This relationship is not unburdened either. Even as Foreign Minister, Steinmeier avoided diplomatic statements about Trump in the 2016 presidential elections, calling him a “preacher of hate”.

But as increasing uncertainty in the world looms, it pays to have friends. Can Germany and the US ever mend their relationship?

Member comments

  1. Please remember that the issue is not US-German relations…the issue is Trump, who will be remembered as the worst president in the history of the US (provided, that is, if the US survives).

  2. A negative comment from someone from Austin. What a shock. The city is a dump and is following the example of San Fransicso. I used to go there in the 80’s; no more.

  3. There’s no mystery at all to Trump’s behavior. He’s a low class clod. Everything he does has to be about him. The fact that Merkel, a world class leader, is female, highly popular, and has criticized him publicly has damaged his fragile ego.

  4. Donald Trump often projected the notion that he is of British ancestry. In fact his mother had British roots. Trump’s grandfather,however, was born in Kallstadt,West of Mainz. This is the area where hundreds of thousands of Pennsylvania Germans (aka Pensylvania Dutch) came from as the fled religious oppression during the 1700’s. Grandpa,however,came to America much later , after he evaded the Bavarian draft. This part of eh Rhineland was under Bavarian control until the unification of Germany in the late 1870’s We visted Kallstadt in 2018. Today it is a beautiful wine village at teh northern end of the “Deutsche Wein Strasse”.There were no signs anywhere that we had arrived in the town where the trump Family came from. We finally asked a residetn if we were in the right town “Oh yes ” was the reposne, and we learned the street address of grandpa’s birth house. The young man knew the street address,but advised us that “there is no number on the house”. We found it,and I have photos. Tehre was no pride expressed anywhere concerngin the Trump family. There was great pride,however over the fact htat Kallstadt is also the town where Pennsylvania’s Heinz Family (ketschup) came from. Fore=mer US Senator John Heinz (R) not only visted Kallstadt, but he donated a new organ that races one of town;s churches. I suspect that Trump avoids visting Germany ,land of his grandpa’s birth ,because he is so beholden to Russia. Russians to this day talk in terms of Fascists and Nazis that overran their country . Trump is committed to furthering the interests of Putin’s Russia in 2019,not to Germany which has risen as a democracy from the ashes of World War Two.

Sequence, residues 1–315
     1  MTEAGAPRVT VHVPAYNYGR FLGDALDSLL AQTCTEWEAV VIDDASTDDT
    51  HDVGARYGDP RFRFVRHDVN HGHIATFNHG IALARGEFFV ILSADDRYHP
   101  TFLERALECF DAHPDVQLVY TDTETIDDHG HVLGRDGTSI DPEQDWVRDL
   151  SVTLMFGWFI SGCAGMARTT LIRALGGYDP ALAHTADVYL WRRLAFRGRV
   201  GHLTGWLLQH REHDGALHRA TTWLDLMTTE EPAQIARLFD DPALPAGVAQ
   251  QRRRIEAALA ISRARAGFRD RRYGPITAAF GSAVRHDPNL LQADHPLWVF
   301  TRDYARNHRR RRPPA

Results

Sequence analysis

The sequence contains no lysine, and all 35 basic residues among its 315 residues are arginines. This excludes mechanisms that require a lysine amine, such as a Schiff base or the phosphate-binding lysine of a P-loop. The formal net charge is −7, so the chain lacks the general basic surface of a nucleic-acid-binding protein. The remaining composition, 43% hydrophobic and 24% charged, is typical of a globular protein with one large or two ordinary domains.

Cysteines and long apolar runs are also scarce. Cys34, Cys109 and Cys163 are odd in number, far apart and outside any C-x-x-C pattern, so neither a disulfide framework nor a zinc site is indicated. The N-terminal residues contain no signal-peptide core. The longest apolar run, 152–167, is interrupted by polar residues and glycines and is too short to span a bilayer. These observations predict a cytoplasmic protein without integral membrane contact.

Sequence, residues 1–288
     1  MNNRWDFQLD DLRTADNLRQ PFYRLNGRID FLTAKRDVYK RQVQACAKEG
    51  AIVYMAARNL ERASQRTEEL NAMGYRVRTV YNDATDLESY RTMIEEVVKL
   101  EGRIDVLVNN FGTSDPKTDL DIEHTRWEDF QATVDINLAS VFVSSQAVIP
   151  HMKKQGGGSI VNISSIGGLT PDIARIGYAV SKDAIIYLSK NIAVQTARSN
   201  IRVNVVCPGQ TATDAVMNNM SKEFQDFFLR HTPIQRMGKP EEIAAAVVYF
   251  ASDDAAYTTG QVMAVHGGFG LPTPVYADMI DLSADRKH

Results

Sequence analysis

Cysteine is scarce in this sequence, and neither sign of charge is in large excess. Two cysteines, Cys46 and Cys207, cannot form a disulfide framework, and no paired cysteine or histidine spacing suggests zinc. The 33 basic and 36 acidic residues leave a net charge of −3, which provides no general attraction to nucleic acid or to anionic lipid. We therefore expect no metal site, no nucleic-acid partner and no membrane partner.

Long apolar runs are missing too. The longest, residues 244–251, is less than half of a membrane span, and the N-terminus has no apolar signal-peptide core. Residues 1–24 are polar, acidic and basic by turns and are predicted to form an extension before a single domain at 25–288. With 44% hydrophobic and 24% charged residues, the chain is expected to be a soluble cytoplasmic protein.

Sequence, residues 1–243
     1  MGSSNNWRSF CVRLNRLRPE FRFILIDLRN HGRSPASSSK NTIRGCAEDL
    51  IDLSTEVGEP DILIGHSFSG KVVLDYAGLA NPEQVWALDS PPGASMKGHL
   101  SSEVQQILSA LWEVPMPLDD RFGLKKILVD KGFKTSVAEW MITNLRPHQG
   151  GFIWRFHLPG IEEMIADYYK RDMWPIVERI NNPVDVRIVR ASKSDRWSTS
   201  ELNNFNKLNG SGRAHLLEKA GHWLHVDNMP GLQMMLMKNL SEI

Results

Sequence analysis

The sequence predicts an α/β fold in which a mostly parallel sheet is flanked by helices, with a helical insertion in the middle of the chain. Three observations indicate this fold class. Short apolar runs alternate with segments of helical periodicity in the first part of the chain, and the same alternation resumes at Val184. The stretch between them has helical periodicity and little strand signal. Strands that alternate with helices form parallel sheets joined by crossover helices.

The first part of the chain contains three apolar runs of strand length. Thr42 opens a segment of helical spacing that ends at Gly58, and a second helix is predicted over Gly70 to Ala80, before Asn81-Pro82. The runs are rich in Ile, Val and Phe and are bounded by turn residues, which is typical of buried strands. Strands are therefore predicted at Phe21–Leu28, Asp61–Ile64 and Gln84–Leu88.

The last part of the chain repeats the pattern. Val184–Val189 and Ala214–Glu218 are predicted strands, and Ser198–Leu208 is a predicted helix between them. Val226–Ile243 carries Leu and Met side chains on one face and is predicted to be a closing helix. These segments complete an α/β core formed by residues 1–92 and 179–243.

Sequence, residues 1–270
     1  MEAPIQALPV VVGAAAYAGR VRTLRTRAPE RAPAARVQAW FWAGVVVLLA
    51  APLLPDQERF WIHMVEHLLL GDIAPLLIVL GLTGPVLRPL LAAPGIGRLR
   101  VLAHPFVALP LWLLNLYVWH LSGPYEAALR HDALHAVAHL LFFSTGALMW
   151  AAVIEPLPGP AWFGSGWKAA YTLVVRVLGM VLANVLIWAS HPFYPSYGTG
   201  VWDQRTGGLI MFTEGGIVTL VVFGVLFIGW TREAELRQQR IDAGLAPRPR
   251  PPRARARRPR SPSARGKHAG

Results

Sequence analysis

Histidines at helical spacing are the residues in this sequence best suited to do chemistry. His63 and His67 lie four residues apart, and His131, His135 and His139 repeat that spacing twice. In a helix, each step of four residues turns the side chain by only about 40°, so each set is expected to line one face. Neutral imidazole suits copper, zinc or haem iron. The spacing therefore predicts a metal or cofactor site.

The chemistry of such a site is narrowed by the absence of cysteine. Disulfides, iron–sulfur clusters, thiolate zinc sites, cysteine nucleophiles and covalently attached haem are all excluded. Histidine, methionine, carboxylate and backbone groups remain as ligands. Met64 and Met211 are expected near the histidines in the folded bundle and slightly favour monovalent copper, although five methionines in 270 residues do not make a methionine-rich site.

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Living in Germany: Battles over Bürgergeld, rolling the ‘die’ and carnival lingo

From the push to reform long-term unemployment benefits to the lingo you need to know as Carnival season kicks off, we look at the highlights of life in Germany.

Living in Germany: Battles over Bürgergeld, rolling the 'die' and carnival lingo

Deadlock looms as debates over Bürgergeld heat up 

Following a vote in the Bundestag on Thursday, the government’s planned reforms to long-term unemployment benefits are one step closer to becoming reality. Replacing the controversial Hartz IV system, Bürgergeld (or Citizens’ Allowance) is intended to be a fair bit easier on claimants.